At some point in the last 20 years, it became commonplace for employees to switch jobs every year or two. This remains exceptionally common in the tech field, which requires a dynamic and agile attitude from startups, major corporations and individual employees.
When I entered the digital publishing field fresh out of college with a BA in English back in 2003, I had a lot of loyalty to my employer, a Philadelphia-based self-publisher. When the production manager asked me where I saw myself in 10 years, my response was, "Running this company." That says less about my ambition than it does about my passion for digital publishing. In a common scenario, my position was outsourced a year later. I trained my replacement by phone and packed and shipped the files from my desk to the Philippines.
Due to that commitment to the field, I've had a few one-to-two-year stints at startups, academic publishers, e-mail marketing services and small business website developers in addition to my own freelance efforts. I enjoyed my time at those places, but found a lack of stability due to outsourcing, low pay and shutdowns/company sales. The years 2007-2012 were not exactly the best timespan for career advancement, especially when digital publishing was finding its legs while the economy collapsed.
I craved stability, but I loved the field even more. I believed — and still believe — that publishing isn't dead. It's just changed.
During my journey, I've encountered many of the issues faced by my younger counterparts. There are some major drawbacks to switching jobs every year or two.
In more stable times, companies should consider tackling these issues to lure those job jumpers who seek a more stable work environment.
Most employers in the U.S. offer health insurance to full-time employees, but it usually doesn't begin upon hire. If you're lucky, you get health insurance within the first month. While it is possible to apply for (and receive) healthcare through Healthcare.gov to cover you during your transition, it's hardly ideal for the typical scenario. Most employees give two weeks at their previous employer and then wait another four or more weeks to get insurance from their new employer.
Solution: Show your employees that their well-being is important. You're taking a risk on them, but they're taking a risk on you, too. Provide insurance within the first month of hire.
After about a year, an entry-level or mid-level employee might acquire one week of personal time. If they save it, they can use it — unless, of course, they take another job and the company wants them to cash it out instead of using it. Their new employer, of course, wants them in exactly two weeks from the offer's acceptance. This means employees can go several years without taking an actual vacation, leading to burnout at a new job before they even start.
Solution: Startup founder Jason Freedman started offering pre-cations to his new employees. Freedman reported that they showed up rather refreshed and open-minded. While this isn't feasible for every company, it is possible to consider some flexibility in a start date and let the new employee know that a few prep days are totally acceptable.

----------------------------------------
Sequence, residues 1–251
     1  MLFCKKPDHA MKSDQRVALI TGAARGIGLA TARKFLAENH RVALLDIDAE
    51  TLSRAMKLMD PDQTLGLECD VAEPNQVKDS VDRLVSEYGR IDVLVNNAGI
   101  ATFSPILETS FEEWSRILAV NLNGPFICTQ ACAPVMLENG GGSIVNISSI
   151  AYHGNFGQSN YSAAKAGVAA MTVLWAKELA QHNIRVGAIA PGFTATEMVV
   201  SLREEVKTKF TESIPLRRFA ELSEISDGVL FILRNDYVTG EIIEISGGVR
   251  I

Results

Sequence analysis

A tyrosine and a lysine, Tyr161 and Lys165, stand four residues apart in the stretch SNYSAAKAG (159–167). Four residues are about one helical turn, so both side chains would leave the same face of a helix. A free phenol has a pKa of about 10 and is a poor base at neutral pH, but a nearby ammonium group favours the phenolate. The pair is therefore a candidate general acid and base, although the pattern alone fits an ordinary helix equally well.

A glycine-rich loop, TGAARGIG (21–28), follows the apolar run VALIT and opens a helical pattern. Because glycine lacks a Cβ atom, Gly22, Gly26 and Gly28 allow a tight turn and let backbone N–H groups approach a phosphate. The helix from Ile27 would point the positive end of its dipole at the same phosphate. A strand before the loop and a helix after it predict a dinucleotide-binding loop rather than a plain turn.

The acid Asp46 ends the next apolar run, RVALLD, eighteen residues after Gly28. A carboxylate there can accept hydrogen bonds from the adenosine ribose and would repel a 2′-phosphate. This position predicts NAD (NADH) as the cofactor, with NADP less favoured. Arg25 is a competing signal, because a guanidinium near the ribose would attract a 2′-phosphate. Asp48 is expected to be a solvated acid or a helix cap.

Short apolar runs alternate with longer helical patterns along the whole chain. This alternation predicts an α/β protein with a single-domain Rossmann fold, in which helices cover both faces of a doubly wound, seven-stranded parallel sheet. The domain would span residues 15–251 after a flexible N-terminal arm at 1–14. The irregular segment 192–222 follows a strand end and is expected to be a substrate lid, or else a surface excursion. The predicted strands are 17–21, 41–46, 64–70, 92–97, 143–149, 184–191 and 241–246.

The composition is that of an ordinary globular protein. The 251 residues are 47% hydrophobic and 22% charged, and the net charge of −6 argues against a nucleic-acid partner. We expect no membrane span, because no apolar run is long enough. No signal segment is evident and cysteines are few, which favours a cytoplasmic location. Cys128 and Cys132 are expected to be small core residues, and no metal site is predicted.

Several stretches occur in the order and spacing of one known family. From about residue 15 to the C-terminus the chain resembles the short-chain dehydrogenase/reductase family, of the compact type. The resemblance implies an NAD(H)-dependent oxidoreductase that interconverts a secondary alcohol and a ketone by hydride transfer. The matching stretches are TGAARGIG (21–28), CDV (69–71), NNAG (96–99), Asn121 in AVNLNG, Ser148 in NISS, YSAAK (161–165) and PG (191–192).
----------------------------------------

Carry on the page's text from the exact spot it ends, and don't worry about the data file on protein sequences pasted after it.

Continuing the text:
Employees and Personal Lives
In the past, I've advocated for extreme separation between work and personal life. Over time, I've come to realize that my personal brand and extracurricular interests are actually assets when the employer is the right fit. I work harder and more efficiently and put in more hours if given a bit of trust, flexibility and independence.
Everyone has a personal life, and it's ridiculous for employers to ignore this or treat safe-for-work extracurriculars as contrary to the success of the business.
Solution: A small, inexpensive, meaningful gesture could mean the world to your employee when it comes to making accommodations for their personal life. Your team may not be best friends, and you shouldn't force them to be, but permitting time throughout the day (even if scheduled) for personal matters will be greatly appreciated.
Like me, a lot of my friends are hitting the midway point in their careers. Pay isn't important to them because they're greedy, but because they want to enjoy life: time with family, hobbies and more.
While it might feel stable and loyal to be a long-term employee, studies show it doesn't work out in the employees' financial interests. The easiest way to get a pay raise is to head to another company.
Many of my peers throughout the country have received outrageous and negative reactions when they try discussing this with management; therefore, the least stressful solution for them seems to be to job hop.
Solution: Offer performance reviews and discuss pay with your employees on an individual basis. This shows an interest in employee career development and you'll learn why your employees are not engaged without conducting an extensive survey.
If your employees actually like their job field, continuing education is a huge part of that. Plus, educated employees add value to your company. Discouraging continuing education, both formal and informal, gives the employee the impression that you're not really invested in their career growth or success. If that's true, they have little incentive to stick around when they aren't learning more.
Solution: Not every company can afford to provide educational assistance for college courses, but it's enriching for enthusiastic employees to cross-train, attend conferences and advance in their field.
Employers: have you tried implementing any of these solutions at your organization? How did it work out? Employees: let us know all about your frustrations and what employers can do to help you feel more engaged at work.